Owen Farrell has been cleared to play in England’s Six Nations opener against Scotland next month despite being handed a three-match ban for a dangerous tackle, but his availability may yet hinge on whether he is included by Steve Borthwick when the squad is first named on Monday.
In a judgment that again exposes the loopholes and flaws of the Rugby Football Union’s disciplinary system, Farrell was found guilty of a dangerous tackle on Gloucester’s Jack Clement in Saracens’ narrow victory last Friday and initially awarded a six-match mid-range ban. That was reduced to four matches on mitigation – he was not awarded the full amount due to a previous five-week suspension in September 2020 – and will be by a further match provided he attends World Rugby’s coaching intervention programme, unofficially known as “tackle school ”.
While Farrell would ordinarily be a shoo-in for Borthwick’s first England squad – and quite possibly captain – the panel determined that because the squad has not yet been named, the ban should be met out in club matches. In essence, the panel decided it was not their job to speculate on whether Farrell would be selected by England.
At present his ban covers Saracens’ forthcoming Champions Cup games against Lyon and Saracens as well their Premiership fixture against Bristol on 28 January. Players selected in Borthwick’s Six Nations squad would not play for their clubs on that last weekend of January, however, raising serious questions as to whether the Bristol fixture constitutes a “meaningful” match missed.
Also, the panel said if Farrell is selected by Borthwick, his list of missed matches could be altered to include the Calcutta Cup match on 4 February given it is hard to argue Farrell would be missing Saracens’ fixture against Bristol as a result of his suspension when he is in England camp anyway.
The counter-argument is that should Farrell be selected by Borthwick on Monday, he could be released from England’s training camp for the Bristol fixture. In reality, banned or not, there would be no chance of him playing in that game.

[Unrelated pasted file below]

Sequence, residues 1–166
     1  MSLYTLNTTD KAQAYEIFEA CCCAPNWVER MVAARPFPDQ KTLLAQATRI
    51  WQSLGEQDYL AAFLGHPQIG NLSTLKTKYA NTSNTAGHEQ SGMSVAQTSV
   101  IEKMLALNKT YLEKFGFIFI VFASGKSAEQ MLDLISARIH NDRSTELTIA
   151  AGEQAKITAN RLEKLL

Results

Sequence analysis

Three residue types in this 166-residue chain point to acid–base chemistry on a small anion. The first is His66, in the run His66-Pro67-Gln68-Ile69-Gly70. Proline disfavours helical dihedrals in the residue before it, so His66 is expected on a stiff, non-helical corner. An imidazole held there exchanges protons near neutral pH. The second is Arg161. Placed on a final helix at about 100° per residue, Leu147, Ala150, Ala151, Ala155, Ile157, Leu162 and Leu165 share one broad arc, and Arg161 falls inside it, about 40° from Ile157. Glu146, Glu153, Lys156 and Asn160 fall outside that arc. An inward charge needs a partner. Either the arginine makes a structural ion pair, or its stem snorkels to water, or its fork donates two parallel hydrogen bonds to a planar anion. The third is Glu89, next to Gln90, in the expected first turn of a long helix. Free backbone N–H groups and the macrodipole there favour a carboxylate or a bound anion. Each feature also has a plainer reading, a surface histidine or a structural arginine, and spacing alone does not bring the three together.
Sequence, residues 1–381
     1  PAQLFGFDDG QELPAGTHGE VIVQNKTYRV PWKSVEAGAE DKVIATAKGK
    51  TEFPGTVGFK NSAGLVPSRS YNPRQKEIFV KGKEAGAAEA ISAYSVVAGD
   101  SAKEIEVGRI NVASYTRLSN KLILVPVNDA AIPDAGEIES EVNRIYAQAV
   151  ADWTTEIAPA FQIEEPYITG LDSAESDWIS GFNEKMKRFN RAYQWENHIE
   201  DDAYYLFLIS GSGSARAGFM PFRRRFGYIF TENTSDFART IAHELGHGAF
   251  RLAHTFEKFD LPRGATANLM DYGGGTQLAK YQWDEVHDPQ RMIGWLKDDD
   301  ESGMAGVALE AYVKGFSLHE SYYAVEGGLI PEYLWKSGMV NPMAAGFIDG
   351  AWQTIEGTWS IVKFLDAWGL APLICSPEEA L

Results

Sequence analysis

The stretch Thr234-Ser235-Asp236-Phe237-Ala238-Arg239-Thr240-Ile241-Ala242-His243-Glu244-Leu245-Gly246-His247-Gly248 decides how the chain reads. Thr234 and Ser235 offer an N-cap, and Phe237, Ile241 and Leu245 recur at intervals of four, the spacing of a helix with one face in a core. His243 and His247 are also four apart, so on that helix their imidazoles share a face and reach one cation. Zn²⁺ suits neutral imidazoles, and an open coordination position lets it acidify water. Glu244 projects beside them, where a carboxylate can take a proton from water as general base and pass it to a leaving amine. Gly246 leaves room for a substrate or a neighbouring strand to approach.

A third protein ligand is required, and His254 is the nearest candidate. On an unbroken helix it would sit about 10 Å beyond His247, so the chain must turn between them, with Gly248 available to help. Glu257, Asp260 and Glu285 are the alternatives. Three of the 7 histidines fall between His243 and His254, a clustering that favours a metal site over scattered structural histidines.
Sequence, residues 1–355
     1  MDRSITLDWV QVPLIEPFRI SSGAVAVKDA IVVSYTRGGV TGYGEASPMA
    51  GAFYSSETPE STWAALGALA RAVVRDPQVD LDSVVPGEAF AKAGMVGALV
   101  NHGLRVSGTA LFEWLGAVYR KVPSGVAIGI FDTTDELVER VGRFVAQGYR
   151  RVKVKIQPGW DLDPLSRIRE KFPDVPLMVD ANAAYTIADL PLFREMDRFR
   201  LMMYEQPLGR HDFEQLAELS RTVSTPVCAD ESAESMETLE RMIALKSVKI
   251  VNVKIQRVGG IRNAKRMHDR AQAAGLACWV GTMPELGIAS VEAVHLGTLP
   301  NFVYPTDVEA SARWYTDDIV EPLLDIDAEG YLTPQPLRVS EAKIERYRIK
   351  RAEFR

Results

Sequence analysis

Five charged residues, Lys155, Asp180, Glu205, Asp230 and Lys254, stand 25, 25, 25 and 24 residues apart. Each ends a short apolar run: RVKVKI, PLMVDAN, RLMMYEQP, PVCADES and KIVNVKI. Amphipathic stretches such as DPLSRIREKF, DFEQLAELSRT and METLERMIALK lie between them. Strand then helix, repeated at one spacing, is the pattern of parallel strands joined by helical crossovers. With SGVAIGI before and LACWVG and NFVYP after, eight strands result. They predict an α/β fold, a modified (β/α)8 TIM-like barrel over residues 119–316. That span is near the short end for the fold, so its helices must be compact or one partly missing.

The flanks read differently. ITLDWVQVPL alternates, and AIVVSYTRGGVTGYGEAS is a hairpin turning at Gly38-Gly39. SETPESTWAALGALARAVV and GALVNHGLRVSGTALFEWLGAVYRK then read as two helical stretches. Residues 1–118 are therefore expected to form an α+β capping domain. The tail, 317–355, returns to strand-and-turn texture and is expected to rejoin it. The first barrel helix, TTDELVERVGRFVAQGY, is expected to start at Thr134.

On which side of that argument the union’s disciplinary department falls is likely to determine whether Farrell is picked or instead sits out a week’s training so he can face Scotland. The panel’s written judgment read: “Should there be a change of circumstances, then it will be the responsibility of the parties to consider the position and to ensure that the sanction imposed by this panel remains meaningful. If necessary, the player’s free to play date will be amended to ensure the sanction remains meaningful.”
If Farrell plays a full part in England’s preparations as well as the Scotland fixture then the RFU, and Borthwick, would be open to widespread criticism. It could be avoided, however, if Borthwick omits Farrell from his squad, he misses the week’s training before 28 January and joins up with England at the start of the Scotland week.
Then Borthwick would at least have Farrell available for the Calcutta Cup but it would be significant disruption given he missed England’s Jersey camp with a concussion before their autumn internationals campaign began with a defeat by Argentina.
The most recent precedent is a two-week ban served by Kyle Sinckler two years ago. Although he was an international player the Six Nations squad had not yet been announced and the panel ruled his ban should apply to Bristol fixtures. He ended up missing Bristol’s match against Bath the weekend before the Six Nations began as well as the fixture against Sale on the same weekend as England’s championship opener against Scotland. Crucially, however, he was not picked up in Eddie Jones’s initial Six Nations squad and only added once his ban had expired.
Meanwhile, in a further headache for Borthwick, Tom Curry has been ruled out for England’s first two matches with a hamstring injury. Curry, who captained England in their opening championship match last year, sustained the injury against Harlequins on Sunday and is targeting the trip to Wales on 25 February. Borthwick is already without the Exeter hooker Luke Cowan-Dickie.
Curry’s rugby director at Sale, Alex Sanderson, said: “This is a [grade] 2c hamstring tear, so it wasn’t as bad as originally thought. We got him scanned, assessed and reassessed. A 3c would have been six-eight weeks [out], and he would have been looking to play at the back end of the Six Nations. With it being a 2c and Tom being very diligent on his rehab, it means he could be back for Wales, certainly Wales.”